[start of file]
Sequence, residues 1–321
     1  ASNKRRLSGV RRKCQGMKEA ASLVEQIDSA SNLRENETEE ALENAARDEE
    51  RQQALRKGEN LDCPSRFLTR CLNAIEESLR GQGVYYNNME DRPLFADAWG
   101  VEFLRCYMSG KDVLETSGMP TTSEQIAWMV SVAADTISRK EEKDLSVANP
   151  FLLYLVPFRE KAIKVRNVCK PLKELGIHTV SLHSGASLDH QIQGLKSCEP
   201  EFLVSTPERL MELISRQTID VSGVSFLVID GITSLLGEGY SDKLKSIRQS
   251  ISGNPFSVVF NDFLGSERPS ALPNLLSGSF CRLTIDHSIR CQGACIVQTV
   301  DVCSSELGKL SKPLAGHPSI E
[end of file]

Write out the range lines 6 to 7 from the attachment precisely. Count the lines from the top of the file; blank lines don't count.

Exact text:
   201  EFLVSTPERL MELISRQTID VSGVSFLVID GITSLLGEGY SDKLKSIRQS
   251  ISGNPFSVVF NDFLGSERPS ALPNLLSGSF CRLTIDHSIR CQGACIVQTV